The Journal of Psychology, 1982, 111, 67-70.
TOWARD A DEFINITIVE ALIENATION SCALE*
JOHN J. RAY
University of New South Wales
Alienation is one of the most widely used constructs in sociology. Unfortunately, it is not clear that it is always the same construct as a wide diversity of scales is used to measure it. In the present work an attempt has been made to gather together all items of published scales said to measure alienation and see what they had in common: 168 items were collected and administered to a diverse community sample and were found to form a highly reliable scale which could be reduced to only 20 central items with little loss of reliability.
Bonjean, Hill and McLemore (1), in their study of measuring instruments in sociological research, found in just one five-year period no less than 24 scales and indices measuring alienation or related constructs such as anomie. The obvious question is how much all these different scales have in common. Many of them read quite differently. Olsen (3) has divided alienation into six subcategories: normlessness or guidelessness, powerlessness, meaninglessness, dissimilarity or isolation, dissatisfaction, and disillusionment or cynicism.
Generally, researchers wanting to measure alienation have taken the particular subcategory of alienation that fitted most closely with their theoretical interests and sought out the scale which focused most on that particular concept. To do so, however, leaves the researcher unable to say anything about alienation as a whole. In fact it calls into question whether there is such a thing as alienation overall. Why talk about alienation at all when it is really normlessness or powerlessness, etc. that is in fact being measured? Since discourse about alienation as such does seem to be popular, it seems time that a measuring instrument for the construct itself should be provided. Such instruments do, of course, exist (9), but the way in which they relate to all the other scales said to measure alienation is only partially known t2). Fortunately, we have at least some proof that one overall construct is there to measure. Ray (5) collected all the published items that could be found in the literature that were said to measure alienation or some related construct. When these 168 items were administered to a group of students and subdivided under Olsen's six categories, it was found that the six subscales did in fact all relate highly significantly to one another. Such a long scale, however. is unsuitable for general use and a shorter form that preserved the authoritative construct validity of such a scale would be helpful.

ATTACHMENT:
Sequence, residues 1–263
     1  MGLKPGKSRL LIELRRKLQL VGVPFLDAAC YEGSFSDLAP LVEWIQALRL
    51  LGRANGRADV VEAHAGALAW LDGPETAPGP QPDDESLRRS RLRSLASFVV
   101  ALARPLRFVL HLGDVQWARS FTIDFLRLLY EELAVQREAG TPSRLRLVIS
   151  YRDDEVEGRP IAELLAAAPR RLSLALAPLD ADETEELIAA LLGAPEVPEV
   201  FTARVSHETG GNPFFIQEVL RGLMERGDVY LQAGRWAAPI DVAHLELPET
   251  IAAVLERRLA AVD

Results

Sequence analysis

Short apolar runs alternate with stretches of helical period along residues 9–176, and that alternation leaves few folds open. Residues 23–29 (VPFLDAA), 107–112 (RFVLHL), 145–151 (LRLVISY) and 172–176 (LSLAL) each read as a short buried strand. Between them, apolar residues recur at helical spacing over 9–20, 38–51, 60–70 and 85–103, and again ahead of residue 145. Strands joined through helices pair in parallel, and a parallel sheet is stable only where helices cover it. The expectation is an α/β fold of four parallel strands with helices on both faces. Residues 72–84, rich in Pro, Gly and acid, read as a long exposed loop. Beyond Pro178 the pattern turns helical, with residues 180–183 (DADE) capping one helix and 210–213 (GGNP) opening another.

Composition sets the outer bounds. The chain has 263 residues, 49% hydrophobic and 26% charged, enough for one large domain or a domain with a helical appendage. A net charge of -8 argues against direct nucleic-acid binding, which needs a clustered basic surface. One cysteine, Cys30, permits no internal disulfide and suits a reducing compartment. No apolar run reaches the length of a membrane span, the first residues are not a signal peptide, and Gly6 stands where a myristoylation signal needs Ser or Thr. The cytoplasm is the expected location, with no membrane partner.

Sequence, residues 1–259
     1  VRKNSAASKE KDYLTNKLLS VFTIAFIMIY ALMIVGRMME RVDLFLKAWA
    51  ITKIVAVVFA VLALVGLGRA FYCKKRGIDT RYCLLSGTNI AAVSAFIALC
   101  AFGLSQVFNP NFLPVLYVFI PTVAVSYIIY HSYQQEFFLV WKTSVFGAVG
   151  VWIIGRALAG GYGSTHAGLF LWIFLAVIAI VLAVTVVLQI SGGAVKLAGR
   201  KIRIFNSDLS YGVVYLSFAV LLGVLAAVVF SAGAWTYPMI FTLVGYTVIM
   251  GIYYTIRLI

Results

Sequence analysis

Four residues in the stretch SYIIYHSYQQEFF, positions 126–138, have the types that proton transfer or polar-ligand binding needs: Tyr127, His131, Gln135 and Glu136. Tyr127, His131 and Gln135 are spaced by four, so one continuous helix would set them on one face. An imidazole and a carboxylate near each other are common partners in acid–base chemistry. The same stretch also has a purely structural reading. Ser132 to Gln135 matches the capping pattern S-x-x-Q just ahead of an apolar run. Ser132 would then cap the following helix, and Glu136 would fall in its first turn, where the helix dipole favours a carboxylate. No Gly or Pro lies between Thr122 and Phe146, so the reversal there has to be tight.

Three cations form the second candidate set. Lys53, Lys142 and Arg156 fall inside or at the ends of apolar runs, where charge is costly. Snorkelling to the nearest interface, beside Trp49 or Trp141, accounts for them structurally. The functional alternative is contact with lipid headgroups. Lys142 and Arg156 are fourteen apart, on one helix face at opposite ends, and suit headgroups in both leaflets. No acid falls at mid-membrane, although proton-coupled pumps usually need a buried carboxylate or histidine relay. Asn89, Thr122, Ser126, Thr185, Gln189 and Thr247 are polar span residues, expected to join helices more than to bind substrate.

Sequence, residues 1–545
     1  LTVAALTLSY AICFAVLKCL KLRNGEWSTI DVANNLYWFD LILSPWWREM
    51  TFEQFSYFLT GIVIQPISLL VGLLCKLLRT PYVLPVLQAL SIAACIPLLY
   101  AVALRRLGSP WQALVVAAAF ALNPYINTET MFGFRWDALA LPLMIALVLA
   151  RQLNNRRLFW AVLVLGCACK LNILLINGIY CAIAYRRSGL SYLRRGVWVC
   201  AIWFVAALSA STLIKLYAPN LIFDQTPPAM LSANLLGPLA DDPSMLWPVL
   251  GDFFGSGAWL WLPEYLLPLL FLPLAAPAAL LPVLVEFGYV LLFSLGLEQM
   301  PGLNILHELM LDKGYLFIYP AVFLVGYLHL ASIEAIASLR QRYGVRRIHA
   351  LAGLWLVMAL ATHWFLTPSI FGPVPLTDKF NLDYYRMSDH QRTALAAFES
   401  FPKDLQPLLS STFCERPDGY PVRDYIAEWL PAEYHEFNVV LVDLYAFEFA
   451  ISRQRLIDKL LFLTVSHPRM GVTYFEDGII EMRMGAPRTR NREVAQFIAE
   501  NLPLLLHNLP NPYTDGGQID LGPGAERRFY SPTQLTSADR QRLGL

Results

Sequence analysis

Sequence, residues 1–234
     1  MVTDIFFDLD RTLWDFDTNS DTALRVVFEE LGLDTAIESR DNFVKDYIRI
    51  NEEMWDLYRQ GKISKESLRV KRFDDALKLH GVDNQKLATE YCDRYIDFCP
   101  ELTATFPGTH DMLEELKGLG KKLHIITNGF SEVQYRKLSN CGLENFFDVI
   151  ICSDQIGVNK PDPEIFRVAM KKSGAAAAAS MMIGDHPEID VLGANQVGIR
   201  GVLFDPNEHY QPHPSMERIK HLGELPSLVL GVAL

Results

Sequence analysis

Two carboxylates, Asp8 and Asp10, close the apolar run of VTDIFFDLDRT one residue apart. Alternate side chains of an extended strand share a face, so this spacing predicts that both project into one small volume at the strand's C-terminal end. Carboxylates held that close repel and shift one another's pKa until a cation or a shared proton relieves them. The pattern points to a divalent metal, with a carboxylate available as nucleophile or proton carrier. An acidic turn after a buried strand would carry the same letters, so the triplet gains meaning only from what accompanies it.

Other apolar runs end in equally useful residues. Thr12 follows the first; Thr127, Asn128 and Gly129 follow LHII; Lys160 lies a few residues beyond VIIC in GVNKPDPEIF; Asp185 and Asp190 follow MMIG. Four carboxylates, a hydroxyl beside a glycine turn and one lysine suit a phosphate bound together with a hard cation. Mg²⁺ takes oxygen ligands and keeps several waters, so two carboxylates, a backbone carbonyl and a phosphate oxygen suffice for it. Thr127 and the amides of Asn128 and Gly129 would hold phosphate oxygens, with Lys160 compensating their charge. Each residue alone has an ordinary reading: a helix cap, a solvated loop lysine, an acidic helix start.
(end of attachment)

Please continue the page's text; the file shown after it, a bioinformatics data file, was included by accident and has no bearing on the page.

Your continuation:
B. METHOD AND RESULTS
The 168 items were re-administered to two groups, 38 school teachers at a university vacation school and 100 process workers from local factories. It was felt that the combination of these two groups should represent a sample sufficiently heterogeneous for scale-construction purposes.
The reliability of the 168 items considered as a single scale was .93 (alpha) on the combined group of 138 subjects in the original sample it was .92. This warranted some confidence that the various items had something in common in this sample also.